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The main keys to understanding the new regulations on accessibility in buildings for people with disabilities
04/12/17

The countdown has started in order to adapt the common areas of buildings to allow the accessibility of people with disabilities. The residential buildings had until December 4 to carry out the necessary works in order to have accessible itineraries in their portals and stairs. Coinciding with the International Day of Persons with Disabilities, on December 3, Spain intends to update itself regarding compliance with the basic conditions of accessibility.

With the aim of facilitating the free mobility of all persons, the Real Decreto 1/2013 approving the General Law on the Rights of Persons with Disabilities and their Social Inclusion establishes that single owner buildings must adapt their properties and ensure that all residents and all persons can access in the same conditions; and the deadline to do so has already expired. However, "in Spain, 77% of buildings have not eliminated architectural barriers. That means that only 23% are accessible - almost 2.3 million - and of this percentage, only 2% have access from the street to the portal, meeting the criteria of universal accessibility, which adds up to only 196,295 properties " explains Salvador Díez, president of the Consejo General de Administradores de Fincas de España (CGCAFE), to the editorial office of El País.

"Spain so far had not done its homework in terms of architectural accessibility. Until recently, only the residential buildings in which people with disabilities lived were adapted, "says Bárbara Veciana, architect of the Forcadell Real Estate Technical Office."However, it is everyone's duty to get rid of architectural barriers and facilitate the free mobility of all people."

The Forcadell Real Estate Technical Office (FORVI) gives us the keys to understand the new regulations on accessibility for people with disabilities:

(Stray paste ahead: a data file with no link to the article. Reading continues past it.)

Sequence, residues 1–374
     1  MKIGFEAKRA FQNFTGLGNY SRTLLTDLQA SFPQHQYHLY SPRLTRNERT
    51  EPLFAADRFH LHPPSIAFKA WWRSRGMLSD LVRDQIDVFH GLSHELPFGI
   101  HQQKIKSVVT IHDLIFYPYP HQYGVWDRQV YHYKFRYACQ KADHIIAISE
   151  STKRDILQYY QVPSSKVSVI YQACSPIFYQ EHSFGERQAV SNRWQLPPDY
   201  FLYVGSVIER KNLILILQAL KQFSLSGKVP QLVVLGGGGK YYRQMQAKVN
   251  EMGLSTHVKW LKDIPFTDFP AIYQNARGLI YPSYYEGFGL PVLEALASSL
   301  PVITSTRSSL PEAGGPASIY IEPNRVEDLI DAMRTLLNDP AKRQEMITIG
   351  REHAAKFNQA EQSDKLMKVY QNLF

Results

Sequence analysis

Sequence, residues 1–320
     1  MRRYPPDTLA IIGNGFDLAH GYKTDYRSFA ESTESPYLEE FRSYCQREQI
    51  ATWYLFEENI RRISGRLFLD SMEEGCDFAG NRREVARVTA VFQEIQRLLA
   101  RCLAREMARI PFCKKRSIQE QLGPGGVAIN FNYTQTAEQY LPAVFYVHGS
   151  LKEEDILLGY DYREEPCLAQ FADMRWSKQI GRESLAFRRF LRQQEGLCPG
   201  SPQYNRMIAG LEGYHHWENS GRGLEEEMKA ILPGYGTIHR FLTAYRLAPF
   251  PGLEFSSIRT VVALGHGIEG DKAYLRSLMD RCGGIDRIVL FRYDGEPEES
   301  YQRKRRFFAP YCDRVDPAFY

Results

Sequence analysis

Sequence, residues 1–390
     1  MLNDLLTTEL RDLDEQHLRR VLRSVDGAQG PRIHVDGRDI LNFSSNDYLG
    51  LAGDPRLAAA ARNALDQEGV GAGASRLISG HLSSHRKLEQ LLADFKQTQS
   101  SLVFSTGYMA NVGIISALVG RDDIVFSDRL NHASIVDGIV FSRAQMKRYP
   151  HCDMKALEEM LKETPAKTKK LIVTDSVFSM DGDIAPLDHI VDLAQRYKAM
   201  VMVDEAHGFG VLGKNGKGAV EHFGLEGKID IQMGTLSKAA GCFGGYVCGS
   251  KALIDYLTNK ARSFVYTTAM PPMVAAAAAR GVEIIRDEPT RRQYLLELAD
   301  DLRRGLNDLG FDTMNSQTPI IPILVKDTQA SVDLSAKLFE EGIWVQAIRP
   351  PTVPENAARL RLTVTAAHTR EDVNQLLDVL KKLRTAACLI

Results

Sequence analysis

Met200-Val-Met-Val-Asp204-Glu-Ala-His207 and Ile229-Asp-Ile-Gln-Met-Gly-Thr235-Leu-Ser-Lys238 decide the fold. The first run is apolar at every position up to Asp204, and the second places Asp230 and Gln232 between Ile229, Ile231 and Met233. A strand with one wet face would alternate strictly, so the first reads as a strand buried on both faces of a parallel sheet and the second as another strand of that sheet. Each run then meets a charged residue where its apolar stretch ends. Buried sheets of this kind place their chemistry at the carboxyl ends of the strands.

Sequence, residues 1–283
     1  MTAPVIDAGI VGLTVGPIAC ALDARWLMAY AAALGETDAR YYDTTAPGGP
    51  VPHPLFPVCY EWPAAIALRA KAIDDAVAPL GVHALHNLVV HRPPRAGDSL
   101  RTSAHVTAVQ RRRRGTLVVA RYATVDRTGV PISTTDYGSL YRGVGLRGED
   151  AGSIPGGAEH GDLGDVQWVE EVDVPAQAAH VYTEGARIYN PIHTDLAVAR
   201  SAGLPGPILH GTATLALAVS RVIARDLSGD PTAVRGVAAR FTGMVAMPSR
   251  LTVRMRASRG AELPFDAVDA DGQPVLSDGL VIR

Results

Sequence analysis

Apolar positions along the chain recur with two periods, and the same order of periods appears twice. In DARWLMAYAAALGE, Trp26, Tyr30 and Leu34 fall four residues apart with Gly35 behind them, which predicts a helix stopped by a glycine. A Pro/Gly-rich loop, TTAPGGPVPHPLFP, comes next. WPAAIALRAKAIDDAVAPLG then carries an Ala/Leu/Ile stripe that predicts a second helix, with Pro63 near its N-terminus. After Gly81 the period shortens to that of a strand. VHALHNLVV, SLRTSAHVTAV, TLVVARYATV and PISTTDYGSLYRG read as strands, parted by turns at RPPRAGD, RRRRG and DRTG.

What are architectural barriers?

The so-called architectural barriers limit the activity of people with reduced mobility. Sometimes it's a matter of a few steps. Every enclosed space implies the need to observe that the architectural elements are free of obstacles for people with reduced mobility. Architectural adaptation is the means to eliminate these barriers and achieve the exercise of rights in equal opportunities.

What should my building do to guarantee accessibility to its common areas?

To be up to date in terms of universal accessibility, any building must comply with the Technical Builiding Code, Codigo Técnico de Edificación (CTE) which is the regulatory framework that establishes the basic requirements for safety and habitability established in the Ley de Ordenación de Edificación (LOE),  the Building Regulation Act. For this, it is necessary to go to a technical professional.

This professional will be responsible for conducting a study to condition the building and make it accessible and usable," says Judith Puerto, architect of FORVI. "Our job is to advise the owner or group of owners about the different possibilities that the property has to eliminate architectural barriers. Depending on the area to be adapted, the actions to be taken will be totally different.

What happens if my building does not comply with the minimum accessibility regulations? 

Owners´ communities have had up to 4 years to replace the stairs of the portal with ramps, elevators or other mechanical and architectural devices that facilitate universal mobility through the common areas of the building. With the new regulations, from December 4, if the building does not pass the revision of the Inspección Técnica de Edificaciones (ITE), the Technical Building Inspection, the owner or the community of owners receive penalties ranging from €301 to €1 million.

And if the cost is very high?

Depending on the conditions of the property, "if the cost for carrying out the works exceeds the 12 ordinary monthly expenses of the building, the City Council allows that all the requirements of the regulations are not met and the accessibility to this one, "explains Barbara Veciana.

In addition, the Housing Consortium of Barcelona establishes a program of financial aid aimed at communities of owners and owners of buildings for residential use for the rehabilitation of common elements, and housing, with the aim of promoting the rehabilitation of the existing stock of buildings and homes of Barcelona. The program includes as a priority actions which promote both both energy renovation and accessibility reforms.

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